Article: Feldbau-Khon, S., Heyman, R., and O’Leary, K. (1998). Major depressive disorder and depressive symptomatology as predictors of husband to wife physical abuse. Violence and Victims, 13, 347-359.
The work of Feldbau-Khon, S., Heyman, R., and O’Leary, K. is described in the article, “Major Depressive Disorder and Depressive Symptomatology as Predictors of Husband to Wife Physical Aggression.” The authors tested the link between a husband’s depressive symptomatology and the frequency of physical aggression toward his wife. Also tested was the husband’s Major Depressive Disorder and the frequency of physical aggression towards his wife.
The authors had four hypotheses. 1: Clinically depressed men are more physically aggressive. 2: Depressive symptomatology is associated with frequency of physical aggression. 3: Depressive symptomatology effects on physical aggression are accounted for by other variables. 4: Depressive symptomatology effects on psychological aggression are accounted for by other variables.
The study assessed physically aggressive men who volunteered for treatment with their wives. Participants responded to newspaper announcements offering free therapy for relationship conflicts. All spouses completed three-hour assessments consisting of structured interviews and self-report measures. Almost one third had moderate levels of depressive symptomatology, but only 11% met the criteria for Major Depressive Disorder (MDD).
Although a significant relationship between increased depressive symptomatology and frequency of physical aggression was found, the relationship was most likely accounted for by self- reported anger.
One weakness with this study is the makeup of the sample. The racial composition of the sample was 1.3% Black, 1.3% Asian, and 97% White. No Hispanics were included in the study although Hispanic men are also sometimes very violent to their wives. The sample should have had more diversity, not be made up almost entirely of Whites. Some races are more naturally violent than others are because its part of their culture. Using mostly whites in this study taints it because different depression could be a major factor affecting the physical violence of whites but perhaps not men of other races.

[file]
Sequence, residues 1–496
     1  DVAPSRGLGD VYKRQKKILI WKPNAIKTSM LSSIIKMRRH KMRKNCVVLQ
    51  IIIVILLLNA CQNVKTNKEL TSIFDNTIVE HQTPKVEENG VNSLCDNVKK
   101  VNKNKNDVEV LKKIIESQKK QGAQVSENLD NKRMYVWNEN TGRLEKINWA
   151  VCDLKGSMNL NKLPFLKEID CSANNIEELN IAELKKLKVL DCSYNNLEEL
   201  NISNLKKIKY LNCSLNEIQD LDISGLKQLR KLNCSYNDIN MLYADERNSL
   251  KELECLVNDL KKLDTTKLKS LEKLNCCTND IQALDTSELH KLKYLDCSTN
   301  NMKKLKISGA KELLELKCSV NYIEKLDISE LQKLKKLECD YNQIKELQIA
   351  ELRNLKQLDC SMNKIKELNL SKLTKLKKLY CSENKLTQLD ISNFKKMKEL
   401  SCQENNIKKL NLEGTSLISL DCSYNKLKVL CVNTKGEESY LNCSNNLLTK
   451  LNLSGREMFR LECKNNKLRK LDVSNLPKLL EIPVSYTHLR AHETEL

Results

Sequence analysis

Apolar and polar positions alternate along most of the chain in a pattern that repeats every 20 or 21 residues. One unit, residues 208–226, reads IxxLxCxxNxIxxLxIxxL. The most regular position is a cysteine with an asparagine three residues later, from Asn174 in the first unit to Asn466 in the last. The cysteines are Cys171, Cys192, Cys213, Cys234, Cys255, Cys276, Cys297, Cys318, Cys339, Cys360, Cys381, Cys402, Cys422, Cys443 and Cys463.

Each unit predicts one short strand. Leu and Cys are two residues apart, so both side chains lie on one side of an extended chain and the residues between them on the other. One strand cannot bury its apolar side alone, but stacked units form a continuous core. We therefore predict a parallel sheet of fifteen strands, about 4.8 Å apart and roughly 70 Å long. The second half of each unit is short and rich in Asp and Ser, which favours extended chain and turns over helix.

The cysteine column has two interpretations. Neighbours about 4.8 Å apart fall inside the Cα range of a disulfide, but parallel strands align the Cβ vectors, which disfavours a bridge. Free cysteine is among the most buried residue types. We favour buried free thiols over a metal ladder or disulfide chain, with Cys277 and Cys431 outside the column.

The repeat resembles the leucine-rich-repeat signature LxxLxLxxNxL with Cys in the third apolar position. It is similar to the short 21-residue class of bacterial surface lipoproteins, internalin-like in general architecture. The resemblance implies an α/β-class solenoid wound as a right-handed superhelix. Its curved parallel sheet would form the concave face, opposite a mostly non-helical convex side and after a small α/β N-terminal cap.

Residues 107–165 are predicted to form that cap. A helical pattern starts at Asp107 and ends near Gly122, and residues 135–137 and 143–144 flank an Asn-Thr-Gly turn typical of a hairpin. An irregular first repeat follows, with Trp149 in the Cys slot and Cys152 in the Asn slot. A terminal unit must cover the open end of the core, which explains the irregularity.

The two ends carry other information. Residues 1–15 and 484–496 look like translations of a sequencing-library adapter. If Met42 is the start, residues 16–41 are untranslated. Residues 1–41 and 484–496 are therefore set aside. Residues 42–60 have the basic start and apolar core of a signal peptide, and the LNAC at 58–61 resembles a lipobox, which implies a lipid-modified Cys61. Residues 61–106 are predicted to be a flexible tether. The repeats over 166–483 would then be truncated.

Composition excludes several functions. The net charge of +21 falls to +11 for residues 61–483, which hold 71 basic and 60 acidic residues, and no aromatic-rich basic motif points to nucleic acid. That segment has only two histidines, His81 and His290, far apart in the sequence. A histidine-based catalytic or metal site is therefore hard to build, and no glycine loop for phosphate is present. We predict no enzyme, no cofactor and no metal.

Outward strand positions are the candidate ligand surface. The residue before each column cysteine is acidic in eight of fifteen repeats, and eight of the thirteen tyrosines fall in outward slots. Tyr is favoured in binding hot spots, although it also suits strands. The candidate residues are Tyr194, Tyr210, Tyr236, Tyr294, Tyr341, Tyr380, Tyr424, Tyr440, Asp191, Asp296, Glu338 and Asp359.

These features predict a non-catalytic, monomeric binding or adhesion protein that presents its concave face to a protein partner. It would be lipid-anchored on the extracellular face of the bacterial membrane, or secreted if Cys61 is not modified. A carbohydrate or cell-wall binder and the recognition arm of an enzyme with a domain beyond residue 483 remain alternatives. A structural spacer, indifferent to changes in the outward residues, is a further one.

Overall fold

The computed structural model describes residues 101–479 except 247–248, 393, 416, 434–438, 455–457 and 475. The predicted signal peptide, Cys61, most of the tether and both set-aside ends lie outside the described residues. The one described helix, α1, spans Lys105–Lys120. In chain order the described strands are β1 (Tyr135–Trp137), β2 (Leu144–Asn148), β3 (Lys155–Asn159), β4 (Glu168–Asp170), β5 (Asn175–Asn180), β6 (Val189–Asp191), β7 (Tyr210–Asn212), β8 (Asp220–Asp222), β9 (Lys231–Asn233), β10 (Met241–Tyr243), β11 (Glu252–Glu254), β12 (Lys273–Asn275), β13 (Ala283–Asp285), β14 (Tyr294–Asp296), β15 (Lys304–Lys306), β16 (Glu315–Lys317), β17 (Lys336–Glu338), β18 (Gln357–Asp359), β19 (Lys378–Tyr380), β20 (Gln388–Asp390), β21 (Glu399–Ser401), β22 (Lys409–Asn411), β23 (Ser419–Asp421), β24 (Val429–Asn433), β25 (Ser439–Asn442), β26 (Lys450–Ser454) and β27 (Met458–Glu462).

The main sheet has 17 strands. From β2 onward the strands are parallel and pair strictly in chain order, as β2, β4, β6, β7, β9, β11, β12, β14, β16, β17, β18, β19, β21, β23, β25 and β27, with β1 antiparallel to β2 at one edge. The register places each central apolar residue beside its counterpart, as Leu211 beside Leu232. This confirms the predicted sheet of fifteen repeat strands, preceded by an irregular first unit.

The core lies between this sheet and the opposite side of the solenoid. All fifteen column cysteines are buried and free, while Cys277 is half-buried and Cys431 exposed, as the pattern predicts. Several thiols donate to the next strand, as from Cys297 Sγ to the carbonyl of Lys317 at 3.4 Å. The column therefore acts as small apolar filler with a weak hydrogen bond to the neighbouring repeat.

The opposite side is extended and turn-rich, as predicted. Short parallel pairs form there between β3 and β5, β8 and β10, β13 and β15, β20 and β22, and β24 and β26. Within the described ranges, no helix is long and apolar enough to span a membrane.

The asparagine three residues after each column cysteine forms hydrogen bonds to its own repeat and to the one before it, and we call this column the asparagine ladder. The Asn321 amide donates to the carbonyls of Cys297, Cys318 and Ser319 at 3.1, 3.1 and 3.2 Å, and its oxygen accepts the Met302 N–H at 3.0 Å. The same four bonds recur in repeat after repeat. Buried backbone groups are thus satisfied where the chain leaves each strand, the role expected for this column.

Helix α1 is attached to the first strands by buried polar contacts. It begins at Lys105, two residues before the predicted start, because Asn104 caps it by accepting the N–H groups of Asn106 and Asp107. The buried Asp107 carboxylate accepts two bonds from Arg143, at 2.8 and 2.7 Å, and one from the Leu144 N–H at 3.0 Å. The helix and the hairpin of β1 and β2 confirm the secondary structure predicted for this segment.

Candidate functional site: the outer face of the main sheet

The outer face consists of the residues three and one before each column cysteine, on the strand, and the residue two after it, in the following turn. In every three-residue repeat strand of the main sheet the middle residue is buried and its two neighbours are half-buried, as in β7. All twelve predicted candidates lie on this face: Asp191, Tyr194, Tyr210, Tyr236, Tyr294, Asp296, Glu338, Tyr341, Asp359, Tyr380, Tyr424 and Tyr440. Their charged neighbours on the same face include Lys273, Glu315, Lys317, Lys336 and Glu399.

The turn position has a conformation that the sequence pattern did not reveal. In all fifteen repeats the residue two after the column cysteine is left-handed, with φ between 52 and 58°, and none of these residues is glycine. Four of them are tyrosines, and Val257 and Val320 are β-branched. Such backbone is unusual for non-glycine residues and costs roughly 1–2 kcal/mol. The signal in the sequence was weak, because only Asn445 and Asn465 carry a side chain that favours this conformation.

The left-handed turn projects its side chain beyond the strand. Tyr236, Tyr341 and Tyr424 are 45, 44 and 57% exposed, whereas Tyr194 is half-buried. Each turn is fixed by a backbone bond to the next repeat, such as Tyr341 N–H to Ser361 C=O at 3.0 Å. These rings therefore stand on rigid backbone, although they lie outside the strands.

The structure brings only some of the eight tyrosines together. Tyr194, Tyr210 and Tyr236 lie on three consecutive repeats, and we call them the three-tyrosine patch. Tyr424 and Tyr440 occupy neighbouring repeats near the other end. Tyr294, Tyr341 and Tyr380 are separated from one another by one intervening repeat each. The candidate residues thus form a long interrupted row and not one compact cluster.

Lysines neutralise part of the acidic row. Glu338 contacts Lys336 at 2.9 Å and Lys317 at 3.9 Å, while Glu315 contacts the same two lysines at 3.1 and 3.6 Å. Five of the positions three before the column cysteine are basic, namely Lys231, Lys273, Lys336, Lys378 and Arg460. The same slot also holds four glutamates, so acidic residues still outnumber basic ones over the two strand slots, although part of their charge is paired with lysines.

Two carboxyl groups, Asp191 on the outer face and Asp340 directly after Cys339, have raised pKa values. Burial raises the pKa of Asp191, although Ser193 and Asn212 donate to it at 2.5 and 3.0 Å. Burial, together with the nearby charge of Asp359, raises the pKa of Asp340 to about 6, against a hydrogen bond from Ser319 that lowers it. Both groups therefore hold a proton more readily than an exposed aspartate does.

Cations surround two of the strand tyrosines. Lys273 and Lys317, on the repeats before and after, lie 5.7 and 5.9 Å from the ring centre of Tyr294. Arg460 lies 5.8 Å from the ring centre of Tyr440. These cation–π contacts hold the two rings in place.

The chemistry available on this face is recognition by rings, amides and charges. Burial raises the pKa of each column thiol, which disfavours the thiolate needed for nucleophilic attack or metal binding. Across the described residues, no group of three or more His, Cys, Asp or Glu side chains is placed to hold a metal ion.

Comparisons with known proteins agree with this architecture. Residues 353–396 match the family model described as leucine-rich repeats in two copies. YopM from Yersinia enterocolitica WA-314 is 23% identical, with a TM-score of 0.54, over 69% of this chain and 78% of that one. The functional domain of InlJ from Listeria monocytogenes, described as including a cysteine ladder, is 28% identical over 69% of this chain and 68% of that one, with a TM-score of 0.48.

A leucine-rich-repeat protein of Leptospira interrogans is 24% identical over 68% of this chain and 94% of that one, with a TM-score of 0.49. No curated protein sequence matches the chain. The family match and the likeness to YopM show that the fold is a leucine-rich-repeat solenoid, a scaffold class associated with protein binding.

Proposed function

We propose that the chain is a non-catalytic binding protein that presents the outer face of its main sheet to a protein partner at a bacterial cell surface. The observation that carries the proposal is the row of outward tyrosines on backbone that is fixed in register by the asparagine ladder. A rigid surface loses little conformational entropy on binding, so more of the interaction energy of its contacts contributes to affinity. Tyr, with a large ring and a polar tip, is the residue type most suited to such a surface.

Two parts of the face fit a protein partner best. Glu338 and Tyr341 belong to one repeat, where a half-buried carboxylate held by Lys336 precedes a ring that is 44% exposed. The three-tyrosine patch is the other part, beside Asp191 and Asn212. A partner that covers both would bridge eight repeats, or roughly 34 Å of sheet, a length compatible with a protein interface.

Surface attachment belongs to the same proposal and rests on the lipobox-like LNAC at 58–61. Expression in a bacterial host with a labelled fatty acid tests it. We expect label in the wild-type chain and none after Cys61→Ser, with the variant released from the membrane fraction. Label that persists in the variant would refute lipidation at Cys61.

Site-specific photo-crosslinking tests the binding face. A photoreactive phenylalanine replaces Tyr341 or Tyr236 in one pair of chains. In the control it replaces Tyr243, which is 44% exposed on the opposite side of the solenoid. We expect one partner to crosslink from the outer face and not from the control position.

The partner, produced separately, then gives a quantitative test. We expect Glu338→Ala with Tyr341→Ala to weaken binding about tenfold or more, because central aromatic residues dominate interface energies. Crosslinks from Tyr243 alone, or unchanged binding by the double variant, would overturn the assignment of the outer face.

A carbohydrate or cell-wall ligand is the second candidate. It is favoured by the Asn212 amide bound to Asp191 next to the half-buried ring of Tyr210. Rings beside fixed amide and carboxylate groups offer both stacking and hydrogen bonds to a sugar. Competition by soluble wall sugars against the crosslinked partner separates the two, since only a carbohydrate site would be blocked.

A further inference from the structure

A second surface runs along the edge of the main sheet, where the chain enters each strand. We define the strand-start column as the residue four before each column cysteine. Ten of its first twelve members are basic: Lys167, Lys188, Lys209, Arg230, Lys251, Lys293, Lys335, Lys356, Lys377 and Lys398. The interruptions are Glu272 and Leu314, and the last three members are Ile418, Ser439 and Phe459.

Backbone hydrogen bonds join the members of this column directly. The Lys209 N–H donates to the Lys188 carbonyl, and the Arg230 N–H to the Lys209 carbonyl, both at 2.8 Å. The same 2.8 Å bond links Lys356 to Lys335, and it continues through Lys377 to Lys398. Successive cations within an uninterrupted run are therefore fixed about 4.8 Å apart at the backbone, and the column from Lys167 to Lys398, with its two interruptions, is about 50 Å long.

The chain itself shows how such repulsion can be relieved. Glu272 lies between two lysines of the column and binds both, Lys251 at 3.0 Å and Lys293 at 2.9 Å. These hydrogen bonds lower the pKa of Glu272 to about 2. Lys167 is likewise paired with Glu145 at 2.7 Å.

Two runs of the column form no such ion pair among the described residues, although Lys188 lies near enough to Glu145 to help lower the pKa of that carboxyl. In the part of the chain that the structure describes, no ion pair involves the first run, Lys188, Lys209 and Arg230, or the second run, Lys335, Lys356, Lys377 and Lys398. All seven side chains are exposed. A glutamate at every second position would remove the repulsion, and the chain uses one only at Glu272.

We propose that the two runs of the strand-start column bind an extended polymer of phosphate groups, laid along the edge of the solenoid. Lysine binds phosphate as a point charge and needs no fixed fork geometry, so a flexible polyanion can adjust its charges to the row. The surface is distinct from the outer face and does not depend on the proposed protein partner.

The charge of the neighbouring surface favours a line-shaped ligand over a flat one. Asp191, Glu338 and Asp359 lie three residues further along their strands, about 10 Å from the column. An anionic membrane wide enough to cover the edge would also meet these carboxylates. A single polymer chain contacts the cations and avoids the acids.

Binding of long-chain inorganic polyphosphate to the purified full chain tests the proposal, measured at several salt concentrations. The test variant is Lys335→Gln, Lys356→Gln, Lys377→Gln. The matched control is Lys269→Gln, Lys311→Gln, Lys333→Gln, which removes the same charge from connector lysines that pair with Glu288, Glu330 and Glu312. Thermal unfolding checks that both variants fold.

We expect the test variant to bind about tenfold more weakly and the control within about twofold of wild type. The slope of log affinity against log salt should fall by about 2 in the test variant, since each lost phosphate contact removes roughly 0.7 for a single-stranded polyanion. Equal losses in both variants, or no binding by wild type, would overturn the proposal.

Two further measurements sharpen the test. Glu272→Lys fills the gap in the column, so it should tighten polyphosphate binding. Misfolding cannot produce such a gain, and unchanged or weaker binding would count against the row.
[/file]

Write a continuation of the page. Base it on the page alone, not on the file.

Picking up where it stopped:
Another weakness of this study is that it is never mentioned whether or not any of the subjects were taking any sort of medication. Many types of medications, for example any type Serotonin inhibitor, can affect violent behavior.
The fact that the subjects were volunteers raises an issue. The participants responded to an advertisement for free therapy for relationship conflicts. These people wanted help. They were not ordered by the court to obtain therapy. This may suggest that they somehow have a different frame of mind than others who might not seek help, therefore, we cannot make accurate assumptions about the results of the study.
Another issue one must take into consideration is that the participants completed a three-hour assessment for which they were not being paid for. They could have become tired, annoyed, bored, or frustrated. This could have affected their answers to the questions asked in the interview to determine whether or not they had MDD. They could also have not been revealing their true selves in the self-report. The interviews were conducted by grad students and a research assistant, not by the actual researchers or by doctors. There is a possibility they could have overlooked things a professional with more experience would have caught.
Strengths of the Article
One of the strengths of this article is that it stresses the possibility of outside factors affecting the physical violence. An example of this kind of variable is self-reported anger. A relationship where one person is depressed may in fact be a very chaotic relationship where anger and frustration can result in violence. In this case, the violence is may not be a direct result of the depression; instead it may result from the anger and frustration or marital discord that may accompany depression. The study recognizes that there are other factors of life that can affect the physical violence.
Although the study has its weaknesses, it is still a valuable learning tool. The study is consistent with other studies that have emphasized the role of anger in regard to husband-to-wife physical aggression. Much more research still has to be done to better understand the connection between MDD and husband-to-wife physical aggression. With every study performed, we come closer to realizing the true connection